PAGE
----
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  • The Cambridge Introduction to Francophone Literature
  • Mildred Mortimer
The Cambridge Introduction to Francophone Literature. By Patrick Corcoran. Cambridge: CUP, 2007. ix + 295 pp. ISBN 978-0-521-84971-51-5 paper.

Beginning with the premise that francophone literature must be viewed as a branch of postcolonial literature not as an adjunct of French literature, Patrick Corcoran examines a corpus of francophone texts remarkable for its diversity. By excluding francophone European literature of Belgium, Switzerland, and Luxembourg, the critic emphasizes the importance of the decolonization process to francophone literature. Postcolonial criticism, as he notes, examines issues of identity by insisting on a nuanced approach that eschews binary opposition between the former colonizer and the formerly colonizer (the distinction between "them" and "us"), proposing instead a multilayered and fluid approach to literary texts that foregrounds cultural exchange, and emphasizes cultural, linguistic, and racial hybridity.

Corcoran organizes his study in terms of regions: the literature of the Maghreb, Sub-Saharan Africa, Oceania, the Middle East, Canada, and the Caribbean. Each chapter begins with an overview of the region that examines both its connection with and disengagement from France. As he notes, the process of disengagement involves innovative uses of the French language, "as writers have seized on opportunities to manhandle it, creolise it and make it a more fitting tool for their own purposes" (25). The second part of each chapter provides studies of selected writers of each region. The choice of authors and texts allows the critic to foreground important works as well as regional and or national specificity. Providing an informative introduction to the literature of French-speaking countries and regions, he renders an important service to students and readers who have had little or no exposure to francophone writers and their work. His critical introduction is cogent, well articulated, and accessible readers. The accompanying bibliography encourages further exploration of the field.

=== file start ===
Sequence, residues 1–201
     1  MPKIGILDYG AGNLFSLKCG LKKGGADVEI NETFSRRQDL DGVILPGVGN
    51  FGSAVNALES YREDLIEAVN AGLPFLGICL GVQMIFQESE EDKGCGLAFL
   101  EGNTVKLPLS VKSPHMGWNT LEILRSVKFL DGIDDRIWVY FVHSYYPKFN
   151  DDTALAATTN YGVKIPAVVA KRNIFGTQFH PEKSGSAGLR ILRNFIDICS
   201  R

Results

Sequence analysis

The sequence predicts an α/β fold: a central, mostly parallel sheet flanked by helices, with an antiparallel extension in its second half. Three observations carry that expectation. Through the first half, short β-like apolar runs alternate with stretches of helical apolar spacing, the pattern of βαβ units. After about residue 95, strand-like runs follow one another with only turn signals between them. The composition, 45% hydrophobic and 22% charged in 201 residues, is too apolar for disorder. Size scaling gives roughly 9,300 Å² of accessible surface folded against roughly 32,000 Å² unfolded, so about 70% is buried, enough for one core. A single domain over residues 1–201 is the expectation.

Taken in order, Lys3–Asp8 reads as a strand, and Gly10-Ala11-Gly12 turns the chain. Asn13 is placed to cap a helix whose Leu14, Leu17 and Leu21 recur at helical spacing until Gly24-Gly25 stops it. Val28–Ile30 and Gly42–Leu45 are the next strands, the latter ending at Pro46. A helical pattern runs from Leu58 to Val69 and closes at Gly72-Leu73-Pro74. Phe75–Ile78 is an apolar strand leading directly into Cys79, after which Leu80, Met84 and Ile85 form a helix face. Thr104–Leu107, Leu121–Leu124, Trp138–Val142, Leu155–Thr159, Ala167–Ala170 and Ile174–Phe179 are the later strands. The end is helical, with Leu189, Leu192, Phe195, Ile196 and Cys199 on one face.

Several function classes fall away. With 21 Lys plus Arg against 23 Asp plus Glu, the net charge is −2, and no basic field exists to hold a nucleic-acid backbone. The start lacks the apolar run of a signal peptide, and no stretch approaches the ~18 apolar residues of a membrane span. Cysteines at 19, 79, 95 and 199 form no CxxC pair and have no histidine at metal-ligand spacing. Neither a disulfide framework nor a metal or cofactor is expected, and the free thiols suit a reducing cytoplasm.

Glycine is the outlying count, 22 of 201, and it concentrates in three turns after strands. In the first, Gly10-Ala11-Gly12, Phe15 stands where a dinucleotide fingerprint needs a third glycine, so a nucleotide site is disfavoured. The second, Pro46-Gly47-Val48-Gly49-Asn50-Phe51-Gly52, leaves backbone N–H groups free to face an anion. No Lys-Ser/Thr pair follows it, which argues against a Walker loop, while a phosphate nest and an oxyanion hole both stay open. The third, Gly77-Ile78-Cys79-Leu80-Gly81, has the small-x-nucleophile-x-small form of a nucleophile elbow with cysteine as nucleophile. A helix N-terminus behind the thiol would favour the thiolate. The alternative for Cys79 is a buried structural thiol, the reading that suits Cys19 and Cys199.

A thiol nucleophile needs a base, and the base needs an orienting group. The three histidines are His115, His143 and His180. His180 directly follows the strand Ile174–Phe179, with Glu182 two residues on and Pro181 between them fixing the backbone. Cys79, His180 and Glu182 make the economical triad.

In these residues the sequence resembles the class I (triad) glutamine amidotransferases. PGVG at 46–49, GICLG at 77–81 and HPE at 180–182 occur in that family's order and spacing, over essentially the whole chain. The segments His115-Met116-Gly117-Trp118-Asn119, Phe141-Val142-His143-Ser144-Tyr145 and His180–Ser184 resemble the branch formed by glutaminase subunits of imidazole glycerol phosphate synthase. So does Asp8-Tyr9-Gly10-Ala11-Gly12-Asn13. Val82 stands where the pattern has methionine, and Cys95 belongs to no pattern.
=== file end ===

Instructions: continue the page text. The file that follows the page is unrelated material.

The reader who is well versed in francophone literature will find lacunae. Admitting that "some absences may shock" (25), Corcoran excludes "immigrant" authors because he only selects writers born outside of metropolitan France. Within a given geographical area, he does not always maintain a proper balance. Hence, the section on the Maghreb examines the work of five Algerian, one Tunisian, and two Moroccan writers. Corcoran emphasizes Algerian literature because of Algeria's [End Page 236] anti-colonial struggle (1954–1962), and civil war of the 1990s that pitted the government against Islamic fundamentalists. In his view, Algerian literature deserves this attention because it reveals the connection between the cultural dimension of power relations and the political dimension of cultural activity (38). Turning to the Sub-Saharan African section, I question why Mariama Bâ's So Long a Letter is never mentioned despite its wide diffusion and significance to African women's fiction. The Quebec and Caribbean chapters are far more detailed. In the Caribbean section, Corcoran draws upon his unpublished interview with Martinican writer, Patrick Chamoiseau.

In conclusion, this text reveals the richness and diversity of francophone literature today. It is a very competent introduction to a compelling subject, and a useful guide for introductory courses in francophone literature.

Mildred Mortimer
University of Colorado, Boulder


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